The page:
The tragic circumstances surrounding Terri Schiavo have produced much conversation about the sanctity of life.

Politicians, protestors, and legislators used religious language in their arguments to save Terri. In spite of the fact that the tubes and fluids were providing “artificial” life for her, the removal of this artificial sustenance was denounced as a sinful act of disregard for the value of human life.

Where in all the religious rhetoric is the reasoned voice of spiritual wisdom to remind us that “there is a time for all things…a time to be born and a time to die” (Eccl 3:1-2)? Is it possible to value the sanctity of life and also recognize that when it is “time to die,” there is sacredness in life’s ending?

Certainly, the sanctity of life is a principle that both religion and law should uphold. Life is valuable. A society needs safeguards in place to protect human life, especially the most vulnerable: children, those who are physically or mentally challenged, the elderly.

But in our zeal to exalt the sanctity of life to a place of ultimate value, let us not forget that physical life, by its very nature, is fragile and temporary. Life is precious because it is limited. The very thing that makes life sacred is the unexplainable mystery that separates living from dying.

While technology and medicine have improved life in many ways, they have also created new ethical and spiritual challenges. Feeding tubes and respirators and other medical interventions can turn the natural process of dying into a medical decision rather than a sacred experience.

The very interventions which are meant to “save” life and make things better, if used inappropriately or to an extreme, can turn “living” into “existing” and dying into a media event. When we attempt to hold on when it is time to let go, to control what is beyond our control, the holiness is swallowed up by feelings of failure and despair.

As a hospice chaplain for nearly 15 years, I have witnessed many miracles.

A few of these have been when people who were expected to die didn’t–at least not when everyone thought they would.

The other miracles occurred when people who felt hopeless found something to hope for, when broken relationships were healed, when feelings of worthlessness and failure became celebrations of meaning and wholeness.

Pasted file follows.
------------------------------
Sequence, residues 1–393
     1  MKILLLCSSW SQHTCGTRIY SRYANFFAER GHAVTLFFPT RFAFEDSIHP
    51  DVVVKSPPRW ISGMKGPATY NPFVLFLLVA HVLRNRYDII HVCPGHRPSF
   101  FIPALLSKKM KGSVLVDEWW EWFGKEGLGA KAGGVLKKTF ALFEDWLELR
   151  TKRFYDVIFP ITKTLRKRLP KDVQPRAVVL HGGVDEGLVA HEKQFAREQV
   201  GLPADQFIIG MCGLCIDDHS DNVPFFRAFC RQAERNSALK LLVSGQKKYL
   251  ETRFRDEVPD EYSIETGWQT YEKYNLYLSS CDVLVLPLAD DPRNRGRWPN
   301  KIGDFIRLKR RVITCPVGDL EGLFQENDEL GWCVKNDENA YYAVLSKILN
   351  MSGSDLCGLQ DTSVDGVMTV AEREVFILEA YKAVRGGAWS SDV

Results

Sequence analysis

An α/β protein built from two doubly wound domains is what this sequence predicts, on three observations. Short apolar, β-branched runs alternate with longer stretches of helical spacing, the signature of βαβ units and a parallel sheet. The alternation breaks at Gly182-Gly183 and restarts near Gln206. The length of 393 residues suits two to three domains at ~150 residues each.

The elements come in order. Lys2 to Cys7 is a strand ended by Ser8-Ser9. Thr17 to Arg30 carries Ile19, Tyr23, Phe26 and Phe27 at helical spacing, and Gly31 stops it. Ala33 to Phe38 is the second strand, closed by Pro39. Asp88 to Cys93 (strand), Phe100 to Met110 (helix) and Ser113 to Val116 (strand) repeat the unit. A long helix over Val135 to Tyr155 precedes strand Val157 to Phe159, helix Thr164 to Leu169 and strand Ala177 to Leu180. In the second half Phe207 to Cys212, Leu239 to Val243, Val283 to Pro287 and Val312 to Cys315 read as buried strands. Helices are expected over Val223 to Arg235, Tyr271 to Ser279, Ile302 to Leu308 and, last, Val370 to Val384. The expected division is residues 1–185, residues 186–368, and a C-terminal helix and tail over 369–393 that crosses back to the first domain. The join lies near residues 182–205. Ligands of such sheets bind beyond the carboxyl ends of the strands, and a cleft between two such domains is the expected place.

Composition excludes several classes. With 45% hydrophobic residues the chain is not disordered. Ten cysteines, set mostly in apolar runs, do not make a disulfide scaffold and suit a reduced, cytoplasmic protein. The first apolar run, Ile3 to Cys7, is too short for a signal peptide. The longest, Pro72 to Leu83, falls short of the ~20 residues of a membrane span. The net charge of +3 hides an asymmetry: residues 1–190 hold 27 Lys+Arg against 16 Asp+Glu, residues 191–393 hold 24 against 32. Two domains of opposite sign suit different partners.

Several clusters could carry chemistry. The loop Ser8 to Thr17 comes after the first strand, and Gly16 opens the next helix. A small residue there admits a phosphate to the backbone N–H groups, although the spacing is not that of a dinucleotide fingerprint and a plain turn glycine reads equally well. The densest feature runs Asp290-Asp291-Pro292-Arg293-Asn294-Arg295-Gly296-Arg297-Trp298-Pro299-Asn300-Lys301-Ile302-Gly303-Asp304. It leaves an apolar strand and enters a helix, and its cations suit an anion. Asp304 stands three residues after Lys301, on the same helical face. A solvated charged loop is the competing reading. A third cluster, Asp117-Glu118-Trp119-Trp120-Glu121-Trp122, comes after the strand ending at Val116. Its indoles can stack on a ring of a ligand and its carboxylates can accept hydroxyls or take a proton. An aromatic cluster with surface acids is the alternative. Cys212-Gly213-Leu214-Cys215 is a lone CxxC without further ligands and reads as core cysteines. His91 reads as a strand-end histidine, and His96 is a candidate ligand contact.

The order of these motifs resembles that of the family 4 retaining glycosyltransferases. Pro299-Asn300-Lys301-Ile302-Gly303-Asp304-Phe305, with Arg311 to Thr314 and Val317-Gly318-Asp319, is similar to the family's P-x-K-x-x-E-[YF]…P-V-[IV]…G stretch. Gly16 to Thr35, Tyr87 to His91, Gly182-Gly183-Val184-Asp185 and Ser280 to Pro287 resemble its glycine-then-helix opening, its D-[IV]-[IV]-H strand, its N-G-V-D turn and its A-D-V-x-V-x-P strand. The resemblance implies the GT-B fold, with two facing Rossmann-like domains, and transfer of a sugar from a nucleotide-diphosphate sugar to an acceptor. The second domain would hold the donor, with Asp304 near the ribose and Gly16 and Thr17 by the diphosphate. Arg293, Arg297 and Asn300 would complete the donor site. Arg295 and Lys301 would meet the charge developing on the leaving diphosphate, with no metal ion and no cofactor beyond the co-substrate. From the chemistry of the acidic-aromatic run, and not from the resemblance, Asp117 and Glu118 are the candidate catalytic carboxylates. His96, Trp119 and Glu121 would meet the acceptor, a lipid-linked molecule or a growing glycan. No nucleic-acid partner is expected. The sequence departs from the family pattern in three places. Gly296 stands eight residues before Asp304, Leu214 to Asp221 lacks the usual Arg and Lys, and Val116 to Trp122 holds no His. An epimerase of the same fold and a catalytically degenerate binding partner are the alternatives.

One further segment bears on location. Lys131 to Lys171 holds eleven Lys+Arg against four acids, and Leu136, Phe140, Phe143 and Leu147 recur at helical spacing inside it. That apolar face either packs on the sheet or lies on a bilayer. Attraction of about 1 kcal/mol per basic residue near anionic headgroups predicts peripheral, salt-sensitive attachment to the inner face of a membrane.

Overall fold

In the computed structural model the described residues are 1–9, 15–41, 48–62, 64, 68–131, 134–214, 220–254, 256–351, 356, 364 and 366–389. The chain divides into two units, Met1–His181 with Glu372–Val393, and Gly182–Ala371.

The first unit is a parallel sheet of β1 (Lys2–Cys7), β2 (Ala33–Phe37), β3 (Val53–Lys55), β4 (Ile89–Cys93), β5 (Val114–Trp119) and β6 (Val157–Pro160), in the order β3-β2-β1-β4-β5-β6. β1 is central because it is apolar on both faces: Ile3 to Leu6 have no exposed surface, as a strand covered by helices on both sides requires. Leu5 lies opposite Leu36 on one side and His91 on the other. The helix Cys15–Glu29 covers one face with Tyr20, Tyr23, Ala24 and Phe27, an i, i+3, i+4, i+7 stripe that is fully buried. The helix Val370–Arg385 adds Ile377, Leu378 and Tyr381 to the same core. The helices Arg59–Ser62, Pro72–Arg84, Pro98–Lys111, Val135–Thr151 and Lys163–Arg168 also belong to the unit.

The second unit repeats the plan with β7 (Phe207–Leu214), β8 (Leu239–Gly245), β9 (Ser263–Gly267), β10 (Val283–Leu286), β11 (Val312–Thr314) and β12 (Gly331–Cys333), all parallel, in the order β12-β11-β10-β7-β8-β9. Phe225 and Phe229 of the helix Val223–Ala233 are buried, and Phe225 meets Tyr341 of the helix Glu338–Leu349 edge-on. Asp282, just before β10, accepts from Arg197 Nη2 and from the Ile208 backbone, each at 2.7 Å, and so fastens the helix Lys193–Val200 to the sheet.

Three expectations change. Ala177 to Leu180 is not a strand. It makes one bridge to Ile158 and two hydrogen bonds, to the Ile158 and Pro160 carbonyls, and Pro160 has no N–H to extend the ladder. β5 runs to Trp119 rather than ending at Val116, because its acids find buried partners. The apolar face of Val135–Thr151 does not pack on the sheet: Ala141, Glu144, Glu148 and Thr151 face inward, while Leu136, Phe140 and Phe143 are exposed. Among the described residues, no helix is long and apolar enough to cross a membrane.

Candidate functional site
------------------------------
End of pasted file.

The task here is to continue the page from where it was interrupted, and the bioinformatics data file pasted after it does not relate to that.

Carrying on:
At my father’s bedside almost 30 years ago and at hundreds of bedsides since, I have known first-hand the holiness of life’s ending.

I have held hands and prayed and shared laughter and tears. I have sat in silence when the mystery of God’s presence was too powerful for words. I have felt the peace that comes when forgiveness is offered and received, when gratitude is expressed, when the squeeze of a hand is all that is needed to bring spiritual release and affirmation.

These are miracles of reconciliation and hope and spiritual renewal. These are sacred times to be cherished, just as life itself is to be cherished in all its richness.

Perhaps one of the many things we can learn from Terri Schiavo is that when we hold on too tightly to life, the sacredness of dying is beyond our grasp. Perhaps Terri would teach us to share stories and memories rather than words of bitterness and hatred.

Perhaps she would tell us to reach out and build bridges where there is brokenness. Perhaps she would teach us that the bedside of a dying person is holy ground, a place of mystery where loved ones can find peace and hope and the strength to go on.

Perhaps she would tell us that as we let go and allow the sacredness of dying to be our teacher, we come to an even deeper understanding of the sacredness of life.

Linda M. Lewis is project coordinator for Faith in Action End of Life Care Ministries at the Hospice and Palliative CareCenter in Winston-Salem, N.C.

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